This book is powerful medicine for anyone who has ever suffered religious shame about sex.   You will find compassion for your dilemmas of conscience, wisdom regarding the teachings of the church, and best of all—explicit practices for opening your mind, nurturing your heart, touching your body, and celebrating the spirit of all that is truly erotic.

-Gina Ogden, Ph.D., LMFT, author of Expanding the Practice of Sex Therapy, The Heart & Soul of Sex, and other books


Dr. Tina Schermer Sellers’ provocative book addresses the sex-negative doctrine in the conservative Christian church that instills in many people deep shame about their body and discomfort with the opposite sex, making them ill-prepared for marriage. Showing how notions of Christianity and sexuality are complementary, Dr. Sellers offers both therapist and lay reader examples of working with clients to heal the soul-body split, reduce shame, and deepen a couple’s loving connection.

-Stella Resnick, Ph.D., Couples and sex therapist in private practice in Beverly Hills, CA. and author of The Heart of Desire: Keys to the Pleasures of Love


“This book is a practical and yet deeply theological path towards healing for those wounded by a shame-based purity culture. Dr. Schermer Sellers researched and written a roadmap towards a sex-positive Gospel ethic of intimacy. I will be recommending it to pastors and counsellors and teachers everywhere.”

– Sarah Bessey, author of Jesus Feminist and Out of Sorts: Making Peace with an Evolving Faith


“This is an enlightening, well-written, and a clinically useful book on the problems and potential of conservative Christianity for clients dealing with sexual problems. Tina Schermer Sellers is uniquely positioned to make this unique contribution to therapy for a population often misunderstood by clinicians. Whether you’re new to the field or highly experienced, I promise you’ll learn a lot.”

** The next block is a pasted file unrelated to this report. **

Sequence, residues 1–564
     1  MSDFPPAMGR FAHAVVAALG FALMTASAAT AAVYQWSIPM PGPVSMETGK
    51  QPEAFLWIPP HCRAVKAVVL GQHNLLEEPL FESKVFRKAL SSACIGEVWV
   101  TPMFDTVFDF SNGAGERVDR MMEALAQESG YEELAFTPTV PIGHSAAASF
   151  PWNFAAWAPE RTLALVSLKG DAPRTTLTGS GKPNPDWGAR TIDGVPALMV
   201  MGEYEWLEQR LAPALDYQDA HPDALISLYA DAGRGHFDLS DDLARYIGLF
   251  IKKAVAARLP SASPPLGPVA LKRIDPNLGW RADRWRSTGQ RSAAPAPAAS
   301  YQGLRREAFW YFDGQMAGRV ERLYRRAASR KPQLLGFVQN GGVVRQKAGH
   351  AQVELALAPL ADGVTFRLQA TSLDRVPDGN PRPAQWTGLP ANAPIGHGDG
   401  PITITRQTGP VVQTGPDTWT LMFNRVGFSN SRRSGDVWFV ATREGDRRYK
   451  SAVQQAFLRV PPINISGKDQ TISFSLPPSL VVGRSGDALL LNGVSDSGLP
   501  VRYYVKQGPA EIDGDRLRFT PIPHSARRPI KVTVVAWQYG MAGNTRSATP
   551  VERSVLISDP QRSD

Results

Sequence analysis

-William J. Doherty, Ph.D., professor, director, Minnesota Couples on the Brink Project, University of Minnesota; author, Take Back Your Marriage.


Book Title:  Sex, God & the Conservative Church – Erasing Shame from Sexual Intimacy

Synopsis: This book is the first of its kind written to help people of faith who have experienced religious sexual shame. This shame and trauma come as an inadvertent byproduct of the sex-negative sexual ethic of conservative religion.  Based on ten years of research, it explains what happened in the formation of the Christian church, the recent purity movement, and how American culture can compound the problem. It goes on to reveal a sex-positive ancient Hebrew story that was buried in Christian history and the sex-positive gospel ethic that was never developed. Finally, it offers a four-step model for healing religious sexual shame, and actual touch and non-touch exercises to bring healing and intimacy into a person’s life.  The book is appropriate for clients, patients, therapists, clergy, physicians, and those who train sociology students, therapists, sex therapists, clergy or primary care physicians.  It also is a text that would function well in a book group or study group and for those who want to explore the impact of religious sexual shame and those who want to heal or help someone else to heal.  It is sensitive to those who grew up in conservative church environments, while simultaneously providing adequate information for the provider that may not be familiar with that culture.